Even though more customers prefer credit and debit cards as their payment method, whether moving your restaurant to a cashless system is a good idea depends largely on the preferences of your customers. While some restaurant owners may enjoy the convenience of a cashless system, others may decide that catering to their customers’ preference to use cash outweighs the cashless benefits. Some restaurant owners may even choose to pursue a cash-only business model. For many restaurants and their customers, it’s still too early to declare cash obsolete.

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Written By: Jennifer DublinoSenior Writer & Expert on Business Operations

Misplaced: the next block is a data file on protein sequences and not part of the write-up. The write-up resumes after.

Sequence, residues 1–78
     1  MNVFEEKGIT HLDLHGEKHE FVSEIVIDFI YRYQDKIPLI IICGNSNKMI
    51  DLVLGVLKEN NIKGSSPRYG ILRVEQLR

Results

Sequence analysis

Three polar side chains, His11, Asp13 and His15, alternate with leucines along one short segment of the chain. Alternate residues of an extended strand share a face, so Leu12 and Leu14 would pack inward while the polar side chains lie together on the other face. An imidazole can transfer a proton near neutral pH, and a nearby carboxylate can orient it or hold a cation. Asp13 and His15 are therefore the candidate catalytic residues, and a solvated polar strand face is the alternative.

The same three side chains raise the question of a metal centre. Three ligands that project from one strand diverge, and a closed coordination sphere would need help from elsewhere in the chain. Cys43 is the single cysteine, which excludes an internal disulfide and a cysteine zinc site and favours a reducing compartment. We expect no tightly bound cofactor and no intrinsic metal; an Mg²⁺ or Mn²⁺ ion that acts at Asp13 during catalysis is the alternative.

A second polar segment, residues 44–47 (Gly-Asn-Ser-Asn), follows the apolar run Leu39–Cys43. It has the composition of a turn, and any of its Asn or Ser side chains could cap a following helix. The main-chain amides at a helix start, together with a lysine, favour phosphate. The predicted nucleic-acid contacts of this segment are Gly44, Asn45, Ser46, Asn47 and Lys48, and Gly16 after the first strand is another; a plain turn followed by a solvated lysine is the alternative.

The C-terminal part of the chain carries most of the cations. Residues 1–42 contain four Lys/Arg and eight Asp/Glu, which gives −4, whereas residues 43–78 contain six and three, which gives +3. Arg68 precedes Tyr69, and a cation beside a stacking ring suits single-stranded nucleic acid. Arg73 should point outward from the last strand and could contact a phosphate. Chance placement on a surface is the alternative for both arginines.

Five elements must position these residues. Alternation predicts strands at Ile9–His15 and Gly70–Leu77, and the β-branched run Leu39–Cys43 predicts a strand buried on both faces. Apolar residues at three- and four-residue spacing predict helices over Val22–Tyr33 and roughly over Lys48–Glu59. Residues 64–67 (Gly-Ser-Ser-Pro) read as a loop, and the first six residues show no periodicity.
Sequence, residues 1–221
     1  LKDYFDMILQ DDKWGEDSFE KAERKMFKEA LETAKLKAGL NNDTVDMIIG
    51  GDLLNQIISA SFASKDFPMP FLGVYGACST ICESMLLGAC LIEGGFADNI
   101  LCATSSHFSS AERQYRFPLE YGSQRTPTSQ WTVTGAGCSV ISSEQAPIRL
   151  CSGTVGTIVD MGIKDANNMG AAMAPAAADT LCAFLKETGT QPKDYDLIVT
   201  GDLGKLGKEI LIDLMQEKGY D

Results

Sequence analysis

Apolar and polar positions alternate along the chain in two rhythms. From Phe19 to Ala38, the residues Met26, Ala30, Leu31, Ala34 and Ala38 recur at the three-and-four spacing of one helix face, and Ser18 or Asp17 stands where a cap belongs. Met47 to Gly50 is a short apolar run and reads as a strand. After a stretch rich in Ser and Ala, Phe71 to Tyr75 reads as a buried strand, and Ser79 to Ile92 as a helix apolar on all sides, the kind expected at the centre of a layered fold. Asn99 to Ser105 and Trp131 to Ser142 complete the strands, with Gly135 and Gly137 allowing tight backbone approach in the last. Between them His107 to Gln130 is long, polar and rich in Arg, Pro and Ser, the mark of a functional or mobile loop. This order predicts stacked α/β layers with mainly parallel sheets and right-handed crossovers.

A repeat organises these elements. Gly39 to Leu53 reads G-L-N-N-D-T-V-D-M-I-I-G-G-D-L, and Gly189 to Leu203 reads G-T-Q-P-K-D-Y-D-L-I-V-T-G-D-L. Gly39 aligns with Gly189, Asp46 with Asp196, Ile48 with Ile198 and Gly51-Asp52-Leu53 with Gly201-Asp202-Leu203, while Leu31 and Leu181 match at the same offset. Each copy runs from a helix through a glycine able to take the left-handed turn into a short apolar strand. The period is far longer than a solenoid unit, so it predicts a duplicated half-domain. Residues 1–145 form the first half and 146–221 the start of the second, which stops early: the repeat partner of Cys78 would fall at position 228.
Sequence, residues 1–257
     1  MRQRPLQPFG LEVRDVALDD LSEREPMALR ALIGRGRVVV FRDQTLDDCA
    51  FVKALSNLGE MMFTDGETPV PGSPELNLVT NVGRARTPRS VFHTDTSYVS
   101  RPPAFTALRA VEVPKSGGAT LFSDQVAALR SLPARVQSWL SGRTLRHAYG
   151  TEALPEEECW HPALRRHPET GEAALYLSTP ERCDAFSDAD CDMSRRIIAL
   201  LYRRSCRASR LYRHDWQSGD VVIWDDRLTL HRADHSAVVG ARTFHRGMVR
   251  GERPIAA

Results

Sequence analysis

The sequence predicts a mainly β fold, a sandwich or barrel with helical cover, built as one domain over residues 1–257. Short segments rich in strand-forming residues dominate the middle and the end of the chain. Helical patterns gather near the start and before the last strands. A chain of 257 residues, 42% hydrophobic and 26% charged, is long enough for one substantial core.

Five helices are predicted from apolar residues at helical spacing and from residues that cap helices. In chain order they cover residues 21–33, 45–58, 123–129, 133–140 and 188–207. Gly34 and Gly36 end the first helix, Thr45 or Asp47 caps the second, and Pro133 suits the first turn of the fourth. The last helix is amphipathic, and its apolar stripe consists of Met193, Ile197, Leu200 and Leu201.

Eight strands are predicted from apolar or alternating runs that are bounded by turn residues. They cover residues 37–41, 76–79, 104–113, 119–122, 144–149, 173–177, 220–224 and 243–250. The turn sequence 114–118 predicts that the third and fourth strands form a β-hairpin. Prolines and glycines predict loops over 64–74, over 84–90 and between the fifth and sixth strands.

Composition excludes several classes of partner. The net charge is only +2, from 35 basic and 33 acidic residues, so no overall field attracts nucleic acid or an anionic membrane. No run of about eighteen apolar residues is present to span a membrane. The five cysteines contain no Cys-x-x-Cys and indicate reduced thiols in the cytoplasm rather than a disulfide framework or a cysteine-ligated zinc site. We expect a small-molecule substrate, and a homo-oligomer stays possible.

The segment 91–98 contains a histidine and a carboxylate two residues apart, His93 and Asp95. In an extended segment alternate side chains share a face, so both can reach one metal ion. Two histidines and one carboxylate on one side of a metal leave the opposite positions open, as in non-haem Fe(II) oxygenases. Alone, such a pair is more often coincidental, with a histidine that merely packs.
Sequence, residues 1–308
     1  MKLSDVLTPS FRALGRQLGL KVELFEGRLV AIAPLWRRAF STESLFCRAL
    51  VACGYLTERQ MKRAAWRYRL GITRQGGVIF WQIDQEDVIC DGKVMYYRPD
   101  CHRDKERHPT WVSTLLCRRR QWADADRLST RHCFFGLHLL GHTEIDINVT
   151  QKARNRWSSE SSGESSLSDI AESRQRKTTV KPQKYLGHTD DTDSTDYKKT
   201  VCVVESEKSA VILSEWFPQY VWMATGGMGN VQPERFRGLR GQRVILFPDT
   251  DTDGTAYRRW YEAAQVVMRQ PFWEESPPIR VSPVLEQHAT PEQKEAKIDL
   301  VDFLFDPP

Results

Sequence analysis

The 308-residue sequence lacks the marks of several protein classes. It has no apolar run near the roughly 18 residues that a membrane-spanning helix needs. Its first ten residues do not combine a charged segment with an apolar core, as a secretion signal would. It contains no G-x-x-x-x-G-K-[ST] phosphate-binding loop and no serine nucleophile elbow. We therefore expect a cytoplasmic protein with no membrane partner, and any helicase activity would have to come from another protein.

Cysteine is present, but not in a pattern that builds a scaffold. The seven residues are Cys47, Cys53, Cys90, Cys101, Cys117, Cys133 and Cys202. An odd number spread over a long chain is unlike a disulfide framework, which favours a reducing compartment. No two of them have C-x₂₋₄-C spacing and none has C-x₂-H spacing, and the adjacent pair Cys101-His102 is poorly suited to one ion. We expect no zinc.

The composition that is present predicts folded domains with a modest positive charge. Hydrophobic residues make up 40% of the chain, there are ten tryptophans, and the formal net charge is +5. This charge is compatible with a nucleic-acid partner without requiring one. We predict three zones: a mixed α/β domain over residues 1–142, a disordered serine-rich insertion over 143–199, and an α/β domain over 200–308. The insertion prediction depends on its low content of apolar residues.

Jennifer Dublino is an experienced entrepreneur and astute marketing strategist. With over three decades of industry experience, she has been a guiding force for many businesses, offering invaluable expertise in market research, strategic planning, budget allocation, lead generation and beyond. Earlier in her career, Dublino established, nurtured and successfully sold her own marketing firm. Dublino, who has a bachelor's degree in business administration and an MBA in marketing and finance, also served as the chief operating officer of the Scent Marketing Institute, showcasing her ability to navigate diverse sectors within the marketing landscape. Over the years, Dublino has amassed a comprehensive understanding of business operations across a wide array of areas, ranging from credit card processing to compensation management. Her insights and expertise have earned her recognition, with her contributions quoted in reputable publications such as Reuters, Adweek, AdAge and others.